Two longitudinal engines will be offered in the Stinger, both of which will come to Australia. The range kicks off with a 2.0-litre turbo-petrol from Kia’s Theta II family producing around 190kW at 6200rpm and 353Nm between 1400 and 4000rpm.
The flagship Stinger GT variant will get a 3.3-litre twin-turbo V6 from the Lambda family (shared with Genesis) punching out an estimated 272kW at 6000rpm and 510Nm between 1300 and 4500rpm. In both cases, the engines are still under final development, so the figures are not locked in.
Kia is targeting a 0-100km/h sprint for the flagship Stinger of 5.1 seconds, on the way to a 269km/h top speed.
Matched to both is an (in-house) eight-speed automatic with a torque converter as premiered on the K900 luxury sedan, channeling torque to the rear wheels. The Stinger’s RWD system on the 3.3 also gets a mechanical limited-slip diff. All-wheel drive will be offered in snowy countries, and only in left-hand-drive form.
The 8AT gets a centrifugal pendulum absorber, which means a piece of engineering deigned to reduce torsional drivetrain vibrations. You can also override the ‘box via wheel-mounted paddle shifters.
As with the suspension and steering, up to five different shift patterns may be selected through the vehicle’s electronic drive-mode system. Throttle mapping is also adjusted accordingly.
The 2.0-litre turbocharged 4-cylinder models ride on 225/45R18 tyres while the 3.3-litre V6 is shod with ultra-high performance rubber; 225/40R-19 in front and 255/35R-19 at the rear. Vented Brembo disc brakes (350mm) are standard on the 3.3-litre.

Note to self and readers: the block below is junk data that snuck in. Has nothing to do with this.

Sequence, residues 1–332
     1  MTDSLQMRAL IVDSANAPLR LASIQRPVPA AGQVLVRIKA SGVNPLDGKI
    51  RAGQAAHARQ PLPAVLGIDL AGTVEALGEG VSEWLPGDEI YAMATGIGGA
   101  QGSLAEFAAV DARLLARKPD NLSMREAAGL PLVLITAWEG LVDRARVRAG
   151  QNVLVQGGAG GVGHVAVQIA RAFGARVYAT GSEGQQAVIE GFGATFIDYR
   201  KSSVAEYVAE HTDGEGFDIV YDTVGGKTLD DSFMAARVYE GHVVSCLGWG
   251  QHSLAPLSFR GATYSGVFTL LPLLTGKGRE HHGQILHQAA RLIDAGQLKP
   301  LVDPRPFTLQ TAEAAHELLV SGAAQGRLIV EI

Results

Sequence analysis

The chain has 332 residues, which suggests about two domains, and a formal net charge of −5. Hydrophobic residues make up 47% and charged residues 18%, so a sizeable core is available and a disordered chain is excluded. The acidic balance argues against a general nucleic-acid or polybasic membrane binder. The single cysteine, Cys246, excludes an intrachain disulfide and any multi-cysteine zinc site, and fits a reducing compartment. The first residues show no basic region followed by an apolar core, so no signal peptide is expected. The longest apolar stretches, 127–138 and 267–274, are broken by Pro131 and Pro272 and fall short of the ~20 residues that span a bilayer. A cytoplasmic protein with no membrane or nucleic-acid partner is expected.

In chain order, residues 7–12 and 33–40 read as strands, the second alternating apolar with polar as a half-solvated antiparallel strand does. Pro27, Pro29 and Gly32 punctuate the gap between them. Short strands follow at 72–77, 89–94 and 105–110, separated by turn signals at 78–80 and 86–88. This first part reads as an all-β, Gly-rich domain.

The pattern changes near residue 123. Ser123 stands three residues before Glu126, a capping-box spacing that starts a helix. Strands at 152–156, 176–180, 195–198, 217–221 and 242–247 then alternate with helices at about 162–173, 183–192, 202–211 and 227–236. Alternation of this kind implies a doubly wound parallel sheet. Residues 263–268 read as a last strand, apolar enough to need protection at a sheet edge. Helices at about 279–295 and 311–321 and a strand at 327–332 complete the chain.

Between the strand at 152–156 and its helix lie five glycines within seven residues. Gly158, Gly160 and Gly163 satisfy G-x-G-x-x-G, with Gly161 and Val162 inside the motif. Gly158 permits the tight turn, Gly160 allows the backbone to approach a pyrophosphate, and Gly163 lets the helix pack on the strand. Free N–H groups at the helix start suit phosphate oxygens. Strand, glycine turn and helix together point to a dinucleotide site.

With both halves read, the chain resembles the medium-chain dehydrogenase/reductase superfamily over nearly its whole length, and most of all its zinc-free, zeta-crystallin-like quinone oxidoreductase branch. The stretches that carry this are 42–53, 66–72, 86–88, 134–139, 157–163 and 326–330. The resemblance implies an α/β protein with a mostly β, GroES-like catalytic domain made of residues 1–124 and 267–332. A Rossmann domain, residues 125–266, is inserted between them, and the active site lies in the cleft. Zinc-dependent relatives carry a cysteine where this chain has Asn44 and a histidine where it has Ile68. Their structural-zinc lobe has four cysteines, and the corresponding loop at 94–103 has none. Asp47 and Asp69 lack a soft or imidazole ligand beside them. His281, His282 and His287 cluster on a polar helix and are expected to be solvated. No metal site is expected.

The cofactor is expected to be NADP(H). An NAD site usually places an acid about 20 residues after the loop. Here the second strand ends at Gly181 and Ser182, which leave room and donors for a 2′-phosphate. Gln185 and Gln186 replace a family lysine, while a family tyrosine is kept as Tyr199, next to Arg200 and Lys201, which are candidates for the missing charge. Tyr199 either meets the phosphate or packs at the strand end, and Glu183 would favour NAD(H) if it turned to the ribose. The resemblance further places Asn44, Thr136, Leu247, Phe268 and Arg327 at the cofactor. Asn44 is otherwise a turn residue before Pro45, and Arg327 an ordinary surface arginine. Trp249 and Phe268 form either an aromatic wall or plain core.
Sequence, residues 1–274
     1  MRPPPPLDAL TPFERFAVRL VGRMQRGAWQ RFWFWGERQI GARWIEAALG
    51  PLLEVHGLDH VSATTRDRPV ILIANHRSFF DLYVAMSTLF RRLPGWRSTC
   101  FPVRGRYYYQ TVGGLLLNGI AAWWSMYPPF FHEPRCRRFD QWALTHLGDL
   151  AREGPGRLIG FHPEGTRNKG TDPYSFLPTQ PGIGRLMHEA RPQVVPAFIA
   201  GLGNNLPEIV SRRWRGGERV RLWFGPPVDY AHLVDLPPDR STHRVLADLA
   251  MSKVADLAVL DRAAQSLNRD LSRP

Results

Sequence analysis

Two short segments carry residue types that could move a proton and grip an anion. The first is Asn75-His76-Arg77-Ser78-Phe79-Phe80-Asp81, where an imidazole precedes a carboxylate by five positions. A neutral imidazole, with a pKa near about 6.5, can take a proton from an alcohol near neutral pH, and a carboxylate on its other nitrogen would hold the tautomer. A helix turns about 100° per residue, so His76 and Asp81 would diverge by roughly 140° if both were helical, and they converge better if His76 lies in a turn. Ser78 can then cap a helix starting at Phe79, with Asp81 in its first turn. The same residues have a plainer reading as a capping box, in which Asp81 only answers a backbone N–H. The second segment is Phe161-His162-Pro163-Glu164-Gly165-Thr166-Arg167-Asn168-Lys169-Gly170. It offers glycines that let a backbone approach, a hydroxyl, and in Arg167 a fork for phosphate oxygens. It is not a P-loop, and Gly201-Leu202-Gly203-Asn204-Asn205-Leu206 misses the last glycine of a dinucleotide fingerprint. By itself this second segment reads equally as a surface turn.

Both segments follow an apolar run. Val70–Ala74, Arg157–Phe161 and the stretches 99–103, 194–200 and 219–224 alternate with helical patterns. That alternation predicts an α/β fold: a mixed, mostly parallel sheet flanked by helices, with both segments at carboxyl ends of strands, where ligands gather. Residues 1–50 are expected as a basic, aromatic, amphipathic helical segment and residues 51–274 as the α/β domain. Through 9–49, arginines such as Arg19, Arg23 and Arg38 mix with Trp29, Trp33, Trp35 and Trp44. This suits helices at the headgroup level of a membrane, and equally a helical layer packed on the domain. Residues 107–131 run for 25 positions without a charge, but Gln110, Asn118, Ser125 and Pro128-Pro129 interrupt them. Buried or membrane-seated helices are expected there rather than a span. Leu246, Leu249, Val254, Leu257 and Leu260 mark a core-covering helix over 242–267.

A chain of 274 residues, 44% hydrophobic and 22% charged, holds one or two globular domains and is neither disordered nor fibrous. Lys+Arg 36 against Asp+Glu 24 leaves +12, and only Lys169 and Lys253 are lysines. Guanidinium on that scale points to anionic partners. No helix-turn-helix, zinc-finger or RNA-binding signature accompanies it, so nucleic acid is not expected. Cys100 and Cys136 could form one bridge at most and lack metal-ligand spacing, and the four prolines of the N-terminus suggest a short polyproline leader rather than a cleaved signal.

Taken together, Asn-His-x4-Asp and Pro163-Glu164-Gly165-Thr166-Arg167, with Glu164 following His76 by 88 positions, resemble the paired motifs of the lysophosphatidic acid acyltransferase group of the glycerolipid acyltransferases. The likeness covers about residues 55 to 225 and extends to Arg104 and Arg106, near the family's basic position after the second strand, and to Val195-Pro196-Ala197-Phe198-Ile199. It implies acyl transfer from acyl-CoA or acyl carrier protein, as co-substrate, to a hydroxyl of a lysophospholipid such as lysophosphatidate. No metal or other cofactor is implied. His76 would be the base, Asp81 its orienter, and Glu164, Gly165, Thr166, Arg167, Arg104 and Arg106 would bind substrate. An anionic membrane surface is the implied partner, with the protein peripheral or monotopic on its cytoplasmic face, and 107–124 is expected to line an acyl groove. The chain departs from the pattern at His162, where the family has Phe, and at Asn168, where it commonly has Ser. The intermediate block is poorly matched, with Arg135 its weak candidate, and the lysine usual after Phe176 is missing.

Development of the Stinger’s dynamics was centred at the Nurburgring, led by former BMW M Division executive Albert Biermann.
“I think for the Kia brand, the Stinger is like a special event,” he thinks. “Because nobody expects such a car, not just the way it looks but also the way it drives. It's a whole different animal.”
The chassis comprises 55 per cent ultra-high strength steel made by Hyundai/Kia, promises the necessary body stiffness for sharp handling and good NVH suppression.
The suspension is a MacPherson strut arrangement at the front and a multi-link independent rear. The Stinger is also the first Kia with adjustable dampers. This same set of driving modes also adjust the resistance programmed into the electric-assisted power steering.
As with all Kia Australia products, the Stinger will be specially tuned for local roads by the company’s Sydney team led by Graeme Gambold. There are already two cars in Australia, and work begins in Sydney soon.
Australian details are not confirmed yet, though we will get both engines from around September this year, in RWD form. Pricing is expected to start around $40,000 and top out near $50,000. That, at least, is the target.
Update: Kia has confirmed engines for the European-spec Stinger, with an additional 2.2-litre four-cylinder turbo-diesel to be offered alongside the turbo petrols.
Generating 147kW of power and a meaty 440Nm of torque - the latter available between 1750 and 2750rpm, the Euro Stinger's oiler appears to be the same engine available in the Sorento SUV. European buyers will also get the option of rear- and all-wheel drive.
However, Kia Australia has confirmed that only the two petrols will be offered locally, and rear-wheel drive will also be the sole drivetrain option.